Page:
Let's dispel some myths about cybersecurity careers

So you wanna be a cybersecurity engineer...

I spoke to a few people and realized this could be a good topic for a couple of posts. So without further ado, let’s dispel some myths about cybersecurity careers.

Myth: You don’t need a tech background. Anybody can start a career in cybersecurity.

Reality: You need to have an aptitude for computers and/or technology and you need to have an understanding of how computers and applications work and communicate over the network.

This seems to be a myth propagated by institutions milking the talent gap and the allure of high-paying cyber jobs. Reality is, most people who made a jump from a non-tech job to a cyber job had some kind of tech experience and aptitude. It’s important to gauge your own talent when it come to cybersecurity. A cybersecurity professional has to think from a scientific data-driven and analytical perspective and also have an out-of-box and intuitive approach to problem solving. Take a look at the interactive chart for career pathways on CyberSeek.org (snapshot shown below) and you can see that the common feeder roles to entry level cyber positions all have some level of technical background. It is also important to remember that to qualify for some of the recommended cybersecurity certifications like CISSP or CISM require 5yrs of experience in two or more of the cybersecurity domains.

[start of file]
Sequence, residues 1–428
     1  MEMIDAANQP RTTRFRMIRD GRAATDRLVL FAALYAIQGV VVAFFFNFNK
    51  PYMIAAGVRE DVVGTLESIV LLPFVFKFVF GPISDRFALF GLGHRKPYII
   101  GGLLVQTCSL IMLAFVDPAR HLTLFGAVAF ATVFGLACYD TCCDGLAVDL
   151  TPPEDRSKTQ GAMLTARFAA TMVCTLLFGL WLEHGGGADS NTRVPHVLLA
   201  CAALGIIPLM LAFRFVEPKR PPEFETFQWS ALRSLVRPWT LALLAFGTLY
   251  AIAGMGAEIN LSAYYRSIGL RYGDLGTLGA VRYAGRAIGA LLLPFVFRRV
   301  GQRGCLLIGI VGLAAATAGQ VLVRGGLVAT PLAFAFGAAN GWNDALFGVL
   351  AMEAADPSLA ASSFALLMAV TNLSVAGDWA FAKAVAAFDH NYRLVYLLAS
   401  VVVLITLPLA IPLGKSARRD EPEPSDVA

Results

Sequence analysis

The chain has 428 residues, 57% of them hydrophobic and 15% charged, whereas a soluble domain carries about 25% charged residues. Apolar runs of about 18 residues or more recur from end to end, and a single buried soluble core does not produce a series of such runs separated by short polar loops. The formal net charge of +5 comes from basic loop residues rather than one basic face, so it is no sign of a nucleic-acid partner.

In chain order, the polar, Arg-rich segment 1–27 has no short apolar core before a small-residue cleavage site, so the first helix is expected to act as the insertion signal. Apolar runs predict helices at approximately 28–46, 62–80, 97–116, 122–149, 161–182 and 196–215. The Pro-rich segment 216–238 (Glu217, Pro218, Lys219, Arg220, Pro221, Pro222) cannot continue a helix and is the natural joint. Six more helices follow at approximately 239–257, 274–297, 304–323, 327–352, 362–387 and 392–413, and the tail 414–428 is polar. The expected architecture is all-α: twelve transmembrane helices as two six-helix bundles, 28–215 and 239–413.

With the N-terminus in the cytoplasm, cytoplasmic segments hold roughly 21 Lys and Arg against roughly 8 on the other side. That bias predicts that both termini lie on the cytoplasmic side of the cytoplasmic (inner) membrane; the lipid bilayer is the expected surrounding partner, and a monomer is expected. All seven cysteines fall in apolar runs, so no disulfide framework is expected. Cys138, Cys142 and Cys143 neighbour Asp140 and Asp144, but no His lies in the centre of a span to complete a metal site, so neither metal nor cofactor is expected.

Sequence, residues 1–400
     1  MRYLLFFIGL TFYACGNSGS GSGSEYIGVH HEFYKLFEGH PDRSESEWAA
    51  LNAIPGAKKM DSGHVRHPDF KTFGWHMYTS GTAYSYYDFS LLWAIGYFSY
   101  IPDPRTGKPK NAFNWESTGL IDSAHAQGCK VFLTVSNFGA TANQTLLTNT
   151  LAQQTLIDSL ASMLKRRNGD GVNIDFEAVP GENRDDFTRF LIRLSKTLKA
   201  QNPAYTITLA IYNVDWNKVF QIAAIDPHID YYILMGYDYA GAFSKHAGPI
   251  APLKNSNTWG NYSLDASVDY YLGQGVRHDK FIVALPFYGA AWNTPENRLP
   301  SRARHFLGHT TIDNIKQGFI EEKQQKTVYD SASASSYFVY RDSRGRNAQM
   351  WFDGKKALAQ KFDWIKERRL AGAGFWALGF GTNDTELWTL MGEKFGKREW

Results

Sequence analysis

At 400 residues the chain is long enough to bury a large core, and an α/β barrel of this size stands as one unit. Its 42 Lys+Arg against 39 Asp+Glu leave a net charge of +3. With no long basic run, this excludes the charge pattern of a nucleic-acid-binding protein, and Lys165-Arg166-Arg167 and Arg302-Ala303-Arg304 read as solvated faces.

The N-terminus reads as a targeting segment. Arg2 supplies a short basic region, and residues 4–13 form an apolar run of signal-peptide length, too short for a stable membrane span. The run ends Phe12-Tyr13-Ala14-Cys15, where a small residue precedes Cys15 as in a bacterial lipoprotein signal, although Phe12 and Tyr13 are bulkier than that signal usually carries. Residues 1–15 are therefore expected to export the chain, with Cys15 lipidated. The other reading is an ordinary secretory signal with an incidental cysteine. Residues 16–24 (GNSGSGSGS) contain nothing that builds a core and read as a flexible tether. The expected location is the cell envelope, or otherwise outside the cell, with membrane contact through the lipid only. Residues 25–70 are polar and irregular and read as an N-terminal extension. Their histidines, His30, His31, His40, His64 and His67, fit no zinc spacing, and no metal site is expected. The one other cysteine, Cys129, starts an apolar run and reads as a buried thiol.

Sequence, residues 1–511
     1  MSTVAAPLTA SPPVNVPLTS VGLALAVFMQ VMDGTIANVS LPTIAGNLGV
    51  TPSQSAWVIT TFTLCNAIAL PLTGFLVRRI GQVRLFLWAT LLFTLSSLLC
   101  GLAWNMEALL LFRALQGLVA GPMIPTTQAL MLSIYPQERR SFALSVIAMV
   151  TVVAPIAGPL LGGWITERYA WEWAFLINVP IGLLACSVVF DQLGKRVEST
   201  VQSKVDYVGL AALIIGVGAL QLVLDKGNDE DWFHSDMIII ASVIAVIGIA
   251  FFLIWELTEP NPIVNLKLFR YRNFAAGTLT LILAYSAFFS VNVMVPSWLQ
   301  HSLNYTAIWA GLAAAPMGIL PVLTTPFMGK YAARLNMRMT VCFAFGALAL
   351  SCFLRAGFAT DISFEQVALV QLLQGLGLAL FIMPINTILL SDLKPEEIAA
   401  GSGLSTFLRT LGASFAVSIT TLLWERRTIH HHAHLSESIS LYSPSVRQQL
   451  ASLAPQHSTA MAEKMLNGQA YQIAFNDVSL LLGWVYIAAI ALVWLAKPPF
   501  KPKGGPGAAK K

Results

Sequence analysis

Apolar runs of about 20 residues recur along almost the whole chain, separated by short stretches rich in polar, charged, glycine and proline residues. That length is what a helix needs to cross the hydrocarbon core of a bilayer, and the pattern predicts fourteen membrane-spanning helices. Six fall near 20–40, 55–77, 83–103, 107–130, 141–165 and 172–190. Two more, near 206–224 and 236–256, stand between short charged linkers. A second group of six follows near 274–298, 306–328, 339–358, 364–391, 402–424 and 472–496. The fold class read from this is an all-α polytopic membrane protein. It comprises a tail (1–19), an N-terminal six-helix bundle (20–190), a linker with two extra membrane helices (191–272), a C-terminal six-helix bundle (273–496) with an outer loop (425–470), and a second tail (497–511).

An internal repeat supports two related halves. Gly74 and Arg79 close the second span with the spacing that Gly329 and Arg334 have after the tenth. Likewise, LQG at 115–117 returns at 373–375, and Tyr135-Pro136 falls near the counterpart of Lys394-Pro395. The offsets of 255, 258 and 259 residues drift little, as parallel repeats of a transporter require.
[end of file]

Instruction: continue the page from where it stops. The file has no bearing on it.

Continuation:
Most feeder roles to entry-level postions have a tech component

Having said that, there are certainly non-technical careers in cybersecurity such as “Cybersecurity Education and Awareness”, “Project Management” and to some extent, “Governance, Risk and Compliance (GRC)”. These still require an understand of Information Technology, but allow a person who may not have done hands-on development or implementation to enter the field.

Myth: It’s easy to find a job in cybersecurity because there is a severe lack of cybersecurity talent in the industry.

Reality: While the talent gap is very much true, the harsh reality is organizations are looking for unicorns.

Organizations want to hire unicorns